Last year the magazine featured the MLA as a slave African after publishing a fictional story.
PARIS — A Paris court on Wednesday found a conservative French magazine guilty under French hate speech laws for making racist insults over a fictional story published last year that depicts a lawmaker as a slave African. depicted which was put up for auction in the 18th century.
The magazine, Valles Actueles, caused outrage in France after publishing a seven-page fiction story about Daniel Obonno, 41, a French legislator who is Black and was born in the former French colony of Gabon. Cause.
The piece was accompanied by images – including one of Ms Obono chained around her neck – indicating condemnation of the government and politicians from parties across the political spectrum. Ms Obono called it “an insult to my history, my family and ancestry, the history of slavery”.
The publisher of Valeurs Actuelles, Eric Monzalas, who was accused of committing discriminatory public insults, was fined 1,500 euros, or about $1,750. The editor-in-chief of the magazine, Geoffroy Lejeune, and the article’s author, Laurent Julien, were both accused of involvement in that crime, fined the same amount. All three were ordered to pay 5,000 euros in damages to Ms Obono.
“Justice is done,” Ms Obono, who represents Paris in the lower house of parliament, said. said on twitter. “We are here, we are here to stay, and we will not leave. And in the end we will win.”
The publication of the article came as France, with its colonial and slave-trading past, is under a growing and often difficult reckoning. Many say that painful history is often overlooked; Figures on the right and far-right complain that it is often exaggerated.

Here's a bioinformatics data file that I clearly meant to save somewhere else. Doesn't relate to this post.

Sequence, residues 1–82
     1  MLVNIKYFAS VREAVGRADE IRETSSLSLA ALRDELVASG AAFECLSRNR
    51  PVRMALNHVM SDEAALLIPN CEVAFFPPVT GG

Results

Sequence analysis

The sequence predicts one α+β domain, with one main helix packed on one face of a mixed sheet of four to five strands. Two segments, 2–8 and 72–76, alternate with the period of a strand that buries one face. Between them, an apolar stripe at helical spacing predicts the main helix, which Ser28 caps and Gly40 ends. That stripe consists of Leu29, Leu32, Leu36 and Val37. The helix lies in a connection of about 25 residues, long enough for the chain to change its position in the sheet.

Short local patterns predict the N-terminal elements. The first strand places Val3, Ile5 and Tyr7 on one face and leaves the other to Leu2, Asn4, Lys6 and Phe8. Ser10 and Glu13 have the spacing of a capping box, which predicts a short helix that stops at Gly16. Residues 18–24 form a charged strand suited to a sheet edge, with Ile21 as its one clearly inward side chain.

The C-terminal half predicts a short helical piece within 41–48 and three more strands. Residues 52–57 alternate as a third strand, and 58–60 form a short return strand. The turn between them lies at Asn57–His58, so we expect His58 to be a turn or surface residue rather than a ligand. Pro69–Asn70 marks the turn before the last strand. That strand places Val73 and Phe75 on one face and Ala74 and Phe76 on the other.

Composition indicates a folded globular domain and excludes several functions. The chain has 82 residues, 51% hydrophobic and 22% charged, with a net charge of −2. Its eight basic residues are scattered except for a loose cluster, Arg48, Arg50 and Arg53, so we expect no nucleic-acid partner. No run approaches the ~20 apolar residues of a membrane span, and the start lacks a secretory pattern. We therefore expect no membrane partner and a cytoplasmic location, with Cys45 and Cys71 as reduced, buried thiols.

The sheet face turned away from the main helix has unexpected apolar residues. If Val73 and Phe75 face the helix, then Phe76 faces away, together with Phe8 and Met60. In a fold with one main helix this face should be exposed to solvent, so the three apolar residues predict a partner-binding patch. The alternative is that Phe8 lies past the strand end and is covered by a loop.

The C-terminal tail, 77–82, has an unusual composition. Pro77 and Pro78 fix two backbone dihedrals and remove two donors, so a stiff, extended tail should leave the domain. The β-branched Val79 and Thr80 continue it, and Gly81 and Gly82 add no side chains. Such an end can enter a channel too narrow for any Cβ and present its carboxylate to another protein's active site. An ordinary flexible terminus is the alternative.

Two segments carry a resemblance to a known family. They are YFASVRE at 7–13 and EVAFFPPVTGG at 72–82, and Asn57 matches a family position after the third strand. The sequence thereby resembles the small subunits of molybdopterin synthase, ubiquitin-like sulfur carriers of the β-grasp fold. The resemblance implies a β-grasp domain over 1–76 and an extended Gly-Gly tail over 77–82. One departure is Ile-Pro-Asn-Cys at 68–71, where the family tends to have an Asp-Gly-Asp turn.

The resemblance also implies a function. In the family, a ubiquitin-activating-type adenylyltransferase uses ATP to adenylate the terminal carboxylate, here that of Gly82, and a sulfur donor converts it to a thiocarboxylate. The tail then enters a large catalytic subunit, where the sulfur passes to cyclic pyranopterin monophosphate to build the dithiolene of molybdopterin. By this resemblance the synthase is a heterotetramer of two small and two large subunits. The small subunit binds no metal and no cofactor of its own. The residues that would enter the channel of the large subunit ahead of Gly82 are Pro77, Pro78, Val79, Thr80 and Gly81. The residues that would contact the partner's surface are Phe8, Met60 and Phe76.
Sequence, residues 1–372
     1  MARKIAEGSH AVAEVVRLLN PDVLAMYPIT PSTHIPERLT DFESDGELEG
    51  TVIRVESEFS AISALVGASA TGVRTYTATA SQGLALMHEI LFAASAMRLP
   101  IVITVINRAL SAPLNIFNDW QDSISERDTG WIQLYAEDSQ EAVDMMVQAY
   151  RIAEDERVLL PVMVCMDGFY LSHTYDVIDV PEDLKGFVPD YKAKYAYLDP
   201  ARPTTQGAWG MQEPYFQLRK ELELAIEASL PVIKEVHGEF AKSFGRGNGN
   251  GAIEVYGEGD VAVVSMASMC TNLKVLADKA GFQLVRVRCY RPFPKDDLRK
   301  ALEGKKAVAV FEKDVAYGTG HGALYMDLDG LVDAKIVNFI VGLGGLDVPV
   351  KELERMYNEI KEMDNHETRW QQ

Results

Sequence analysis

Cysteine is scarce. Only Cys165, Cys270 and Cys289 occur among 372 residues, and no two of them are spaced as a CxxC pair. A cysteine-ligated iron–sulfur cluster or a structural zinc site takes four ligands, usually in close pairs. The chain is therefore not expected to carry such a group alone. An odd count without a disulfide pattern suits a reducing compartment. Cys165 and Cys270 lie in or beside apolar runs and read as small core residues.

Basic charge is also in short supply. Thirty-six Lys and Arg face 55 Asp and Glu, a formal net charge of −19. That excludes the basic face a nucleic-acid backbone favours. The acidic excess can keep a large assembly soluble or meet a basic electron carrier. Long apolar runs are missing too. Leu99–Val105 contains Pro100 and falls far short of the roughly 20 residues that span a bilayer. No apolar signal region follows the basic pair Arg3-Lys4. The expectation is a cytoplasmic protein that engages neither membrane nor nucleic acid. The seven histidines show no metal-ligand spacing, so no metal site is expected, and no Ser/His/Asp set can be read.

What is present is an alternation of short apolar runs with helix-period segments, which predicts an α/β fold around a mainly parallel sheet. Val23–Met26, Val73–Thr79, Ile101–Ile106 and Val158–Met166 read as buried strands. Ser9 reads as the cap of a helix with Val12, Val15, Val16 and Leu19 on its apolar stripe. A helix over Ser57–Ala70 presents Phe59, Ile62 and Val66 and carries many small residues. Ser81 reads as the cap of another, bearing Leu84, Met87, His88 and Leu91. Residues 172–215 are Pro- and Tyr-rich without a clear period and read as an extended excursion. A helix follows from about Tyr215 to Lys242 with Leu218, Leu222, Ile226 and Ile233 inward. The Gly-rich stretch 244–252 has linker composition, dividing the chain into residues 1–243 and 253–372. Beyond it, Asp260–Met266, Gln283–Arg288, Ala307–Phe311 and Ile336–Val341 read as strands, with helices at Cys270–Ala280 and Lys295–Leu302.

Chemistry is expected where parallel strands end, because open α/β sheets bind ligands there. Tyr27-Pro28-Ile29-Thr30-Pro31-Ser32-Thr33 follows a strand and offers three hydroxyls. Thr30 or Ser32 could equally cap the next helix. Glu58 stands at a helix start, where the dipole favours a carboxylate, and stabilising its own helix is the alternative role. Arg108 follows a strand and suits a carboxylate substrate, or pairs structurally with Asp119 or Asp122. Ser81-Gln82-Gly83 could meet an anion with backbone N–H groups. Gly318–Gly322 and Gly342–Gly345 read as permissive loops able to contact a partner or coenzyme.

The article by Valers Actueles, published last August, was part of a series of short stories written by an unknown author that portrayed contemporary political figures in an earlier historical period.
The story about Ms. Obono, which was set in the 18th century, places her in a small village in present-day Chad, where she said she “regained from her roots” before becoming disillusioned with the village’s “patriarchal system”. Glad to join”. The legend continues, portraying him as being captured and falling into the inter-African slave trade, before being bought by a French cleric, who frees him and takes him to a monastery in France to recover from the experience. .
Facing a storm of criticism, the magazine’s editors apologized but denied that the story and images were racist. Instead, he said, the purpose of the story was to remind readers that slavery in Africa was perpetrated not only by Europeans, but by Africans as well.
French law criminalizes some forms of hate speech, including publicly insulting someone on ethnic or religious grounds. Prosecutors in Paris launched an investigation several days after the article was published, and a trial was held in June.
The Human Rights League of France, which participated in the trial, welcomed the decision. Statement on Wednesday, saying that “fiction should be free, but it cannot serve as a fig leaf for deliberately racist and derogatory speech.”
Valeurs Actuelles, a small, general news magazine founded in 1966, has often been accused of offensive or incendiary coverage. In May, it caused a stir by publishing an anonymous letter, allegedly written by active-duty soldiers in the French military, warning of an impending “civil war” fueled by Islamism and identity politics.